This new role was completely different from lab work, but I enjoyed supporting the students of the institutes through COVID and developing professional development and researcher skills programs. Again, fortunately for me, Keely realised my strength in CRISPR technology and wondered if I could develop a resource centred around this now-famous genome editing technology that was widely used at WEHI. And so, the idea of CRISPR 101 was born.
Experience developing the CRISPR resource
Developing this novel online learning course was a very rewarding and fulfilling journey. There are surprisingly many similarities between my work as a lab-based scientist and being a scientific educator. The freedom of creativity is the thread that connects these various endeavours. Along those lines, one of the things I enjoyed the most when developing CRISPR 101 was researching the content of the resource and to arrange it all in a logical sequence. However, and I’m sure Keely will agree with me when I say that in the beginning, we underestimated what it means to generate CRISPR 101. We started off putting content together but quickly realised it would take us much longer than we thought. One of the biggest challenges was our goal of creating something that the wider community would benefit from. Working on the language of the course and toning down scientific jargon was a difficult task but also one of the best learning experiences I have had so far. I’m very proud of CRISPR 101 and think the course will be valuable for a wide range of audiences, including scientists wanting to learn more about genome editing and CRISPR, but also High-school students, and anyone in the community with an interest in science.
The future outlook for educational resources
One of the aims we had when setting out was to make scientific and medical research more approachable for the community. We use a lot of fancy techniques in science, and often they are very abstract and difficult to comprehend when you are not an expert in it. Therefore, we wanted to break it all down and present CRISPR technology from its beginnings and origins towards all the myriad of applications it is being used today by genome engineers. I think we are just at the beginning of fully embracing wholly online digital technologies, and it is very exciting to develop new educational content. WEHI is already generating similar resources to showcase complex biomolecular technologies used in medical research, and novel, innovative online learning courses are a fantastic way of creating a bridge between scientists in the lab and members of the community.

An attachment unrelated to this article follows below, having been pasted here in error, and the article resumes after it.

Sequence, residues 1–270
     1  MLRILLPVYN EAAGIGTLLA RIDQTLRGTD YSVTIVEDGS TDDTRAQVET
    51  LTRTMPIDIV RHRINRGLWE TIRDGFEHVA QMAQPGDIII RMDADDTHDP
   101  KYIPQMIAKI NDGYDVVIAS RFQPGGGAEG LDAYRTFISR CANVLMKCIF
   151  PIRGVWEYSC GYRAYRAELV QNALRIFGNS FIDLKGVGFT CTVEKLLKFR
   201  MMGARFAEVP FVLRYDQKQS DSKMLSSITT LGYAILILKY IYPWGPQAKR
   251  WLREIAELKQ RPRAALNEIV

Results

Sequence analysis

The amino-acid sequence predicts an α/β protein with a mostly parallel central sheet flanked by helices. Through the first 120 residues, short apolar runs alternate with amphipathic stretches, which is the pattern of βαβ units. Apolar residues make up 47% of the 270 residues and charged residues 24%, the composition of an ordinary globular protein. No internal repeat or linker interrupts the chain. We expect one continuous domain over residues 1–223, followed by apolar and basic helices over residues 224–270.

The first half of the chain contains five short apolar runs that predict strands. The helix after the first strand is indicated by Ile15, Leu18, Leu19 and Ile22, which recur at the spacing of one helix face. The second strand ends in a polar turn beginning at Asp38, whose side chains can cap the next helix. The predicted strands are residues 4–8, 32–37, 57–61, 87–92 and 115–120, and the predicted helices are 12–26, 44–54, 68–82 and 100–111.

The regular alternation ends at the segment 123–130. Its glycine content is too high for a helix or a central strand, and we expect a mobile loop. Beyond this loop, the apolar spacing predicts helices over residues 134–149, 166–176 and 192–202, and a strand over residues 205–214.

With an established track record and reputation for excellence, Phenomics Australia Genome Engineering team uses techniques such as CRISPR-mediated mutagenesis, classical gene targeting, and transgenesis to create optimal tools for your research delivering a comprehensive service in genome modification. Phenomics Australia continues to develop and expand mutagenesis capabilities through in-house research and development, information exchange between service nodes, other CRISPR practitioners, and thorough literature review, thereby establishing a national community of practice for genome engineering technologies and applications. With our collective experience and expertise in a wide variety of projects, Phenomics Australia can assist in the production of genetically modified animal models using mice, rats, and rabbits. By providing a leading capability to make genetic associations with disease, Phenomics Australia makes the cost of investigating pathways associated with disease affordable.
Get in contact with us to discuss how we can help you with your project.